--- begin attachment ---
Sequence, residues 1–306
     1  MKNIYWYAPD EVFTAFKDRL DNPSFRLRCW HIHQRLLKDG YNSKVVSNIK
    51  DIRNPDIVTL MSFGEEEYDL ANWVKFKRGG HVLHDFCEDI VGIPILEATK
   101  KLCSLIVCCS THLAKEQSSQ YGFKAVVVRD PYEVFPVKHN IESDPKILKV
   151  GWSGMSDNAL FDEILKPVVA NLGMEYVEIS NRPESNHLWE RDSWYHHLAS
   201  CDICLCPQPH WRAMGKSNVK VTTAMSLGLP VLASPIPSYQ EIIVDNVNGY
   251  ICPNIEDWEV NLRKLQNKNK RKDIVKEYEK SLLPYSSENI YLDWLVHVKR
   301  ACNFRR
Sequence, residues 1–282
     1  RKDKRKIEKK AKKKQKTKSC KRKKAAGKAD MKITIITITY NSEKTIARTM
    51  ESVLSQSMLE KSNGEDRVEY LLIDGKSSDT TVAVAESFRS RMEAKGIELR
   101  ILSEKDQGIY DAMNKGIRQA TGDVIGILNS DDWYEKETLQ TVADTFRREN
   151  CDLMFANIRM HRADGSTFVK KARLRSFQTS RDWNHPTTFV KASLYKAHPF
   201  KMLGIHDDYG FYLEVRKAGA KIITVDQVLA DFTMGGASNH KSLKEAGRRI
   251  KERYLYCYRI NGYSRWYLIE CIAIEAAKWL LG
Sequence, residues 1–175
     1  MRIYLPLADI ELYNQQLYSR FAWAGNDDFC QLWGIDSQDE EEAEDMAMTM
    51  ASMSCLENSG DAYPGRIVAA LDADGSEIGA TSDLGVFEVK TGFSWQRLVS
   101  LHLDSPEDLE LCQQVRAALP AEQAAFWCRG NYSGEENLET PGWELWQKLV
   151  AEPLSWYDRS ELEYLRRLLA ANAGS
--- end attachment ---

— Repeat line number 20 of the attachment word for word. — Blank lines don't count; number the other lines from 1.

   151  AEPLSWYDRS ELEYLRRLLA ANAGS